Improving My Pet's Experience
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Improving My Pet's Experience

When I found out that I would be traveling extensively for work, I realized that I needed to do something about my pets. I was concerned about them being home alone or staying with a neighbor since I needed to provide for them like I normally would. Unfortunately, because I would be in business meetings all day, I knew that I couldn't take them along for the ride. I decided to start searching for pet day care centers, and I was able to find a boarding business that offered top-notch care to pets. This article is all about improving your pet's experience.

Improving My Pet's Experience

What To Do If Your Dog Ate Chocolate

Rafael Hopkins

Halloween is just around the corner. As such, you may have more candy in your home than you normally do, including chocolate. Most people know that chocolate can be poisonous to dogs, so it is important that you avoid feeding them this treat. But if you left a bag of chocolate lying around your kids left their trick-or-treat bag out, your dog may eat chocolate. Here is what you need to know and do if your dog has eaten chocolate. 

How Much Chocolate is Poisonous

If your pet eats one Hershey Kiss or one fun size bag of M&Ms, they are not going to be poisoned. There simply is not enough chocolate to cause a severe reaction. However, if you have a tiny dog and they have consumed a full size candy bar or you have a larger dog and they tore open a full bag of chocolate candy, you may have an issue. The exact level of chocolate that is needed to cause poisoning in a dog varies based on the type of chocolate that is consumed, your dog's weight and the breed of dog. But as a general rule of thumb, a small amount of chocolate isn't harmful, whereas a larger amount is. 

The Signs of Chocolate Poisoning

It can be hard to predict just how much chocolate your dog consumed and how much is poisonous to them. As such, if they consumed any chocolate, you want to be on the lookout for signs of chocolate poisoning. This includes vomiting, diarrhea, seizures, shaking and an elevated heart rate. If you know your pet ate chocolate and you notice any of these signs, you want to take your pet to a veterinarian or animal hospital.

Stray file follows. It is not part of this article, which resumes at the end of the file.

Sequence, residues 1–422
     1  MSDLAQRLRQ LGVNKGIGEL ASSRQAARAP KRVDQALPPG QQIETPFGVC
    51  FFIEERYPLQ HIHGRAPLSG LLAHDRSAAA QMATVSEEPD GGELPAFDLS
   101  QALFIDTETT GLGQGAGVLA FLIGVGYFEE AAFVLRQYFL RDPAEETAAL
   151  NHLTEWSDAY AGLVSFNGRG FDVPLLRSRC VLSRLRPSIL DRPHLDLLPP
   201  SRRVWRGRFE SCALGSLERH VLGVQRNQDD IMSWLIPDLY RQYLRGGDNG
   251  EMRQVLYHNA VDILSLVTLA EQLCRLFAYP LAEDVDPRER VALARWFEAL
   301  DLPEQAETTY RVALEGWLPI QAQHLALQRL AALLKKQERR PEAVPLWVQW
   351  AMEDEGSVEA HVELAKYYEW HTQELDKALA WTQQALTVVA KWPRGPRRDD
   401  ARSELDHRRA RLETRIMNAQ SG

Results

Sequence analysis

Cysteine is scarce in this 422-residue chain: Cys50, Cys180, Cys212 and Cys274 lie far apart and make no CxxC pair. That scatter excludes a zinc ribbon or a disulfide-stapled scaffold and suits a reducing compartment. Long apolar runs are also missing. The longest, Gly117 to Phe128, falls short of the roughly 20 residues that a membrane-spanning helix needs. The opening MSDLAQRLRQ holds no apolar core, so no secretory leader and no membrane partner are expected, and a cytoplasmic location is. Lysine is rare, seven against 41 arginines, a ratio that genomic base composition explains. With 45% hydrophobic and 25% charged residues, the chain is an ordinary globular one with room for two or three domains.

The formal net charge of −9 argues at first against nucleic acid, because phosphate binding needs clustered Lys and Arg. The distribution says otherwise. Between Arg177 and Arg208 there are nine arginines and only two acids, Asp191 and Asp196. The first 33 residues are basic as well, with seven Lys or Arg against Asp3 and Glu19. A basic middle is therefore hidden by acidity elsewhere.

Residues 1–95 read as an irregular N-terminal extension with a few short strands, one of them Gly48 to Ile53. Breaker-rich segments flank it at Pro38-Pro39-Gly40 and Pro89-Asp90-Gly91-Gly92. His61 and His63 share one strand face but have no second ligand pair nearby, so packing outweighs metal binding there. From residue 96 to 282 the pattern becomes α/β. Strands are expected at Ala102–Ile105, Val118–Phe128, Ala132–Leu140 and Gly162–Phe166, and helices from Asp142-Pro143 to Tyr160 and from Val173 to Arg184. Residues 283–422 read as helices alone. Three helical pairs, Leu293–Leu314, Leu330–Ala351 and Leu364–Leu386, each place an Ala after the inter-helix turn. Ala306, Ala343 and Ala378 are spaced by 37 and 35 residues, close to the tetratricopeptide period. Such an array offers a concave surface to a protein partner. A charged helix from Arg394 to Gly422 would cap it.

Treating At Home

If your pet has consumed chocolate and they are not showing signs of chocolate poisoning, but you want to be on the safe side, there are a few things you can do. You can give your pet a teaspoon of hydrogen peroxide. This should induce vomiting, allowing them to purge their system of chocolate. You can also encourage your pet to eat or drink. This helps to dilute the chocolate in your pet's system. If your pet won't eat pet food, consider feeding them something like chicken, as this may encourage them to eat even if they are not hungry or have an upset tummy. Avoid giving them pet treats, as this can further upset their stomach. 

If your pet has consumed chocolate, you can try at-home treatments. However, if the at home treatments fail to work or your pet begins to exhibit signs of chocolate poisoning, it is important to contact your vet and bring them in to an animal hospital. An animal hospital can use charcoal to absorb the chocolate and give fluids to dilute the chocolate in your pet's system. The faster you act, the better the outcome will be for your pet. Contact a clinic, like Countryside Animal Hospital, for more help.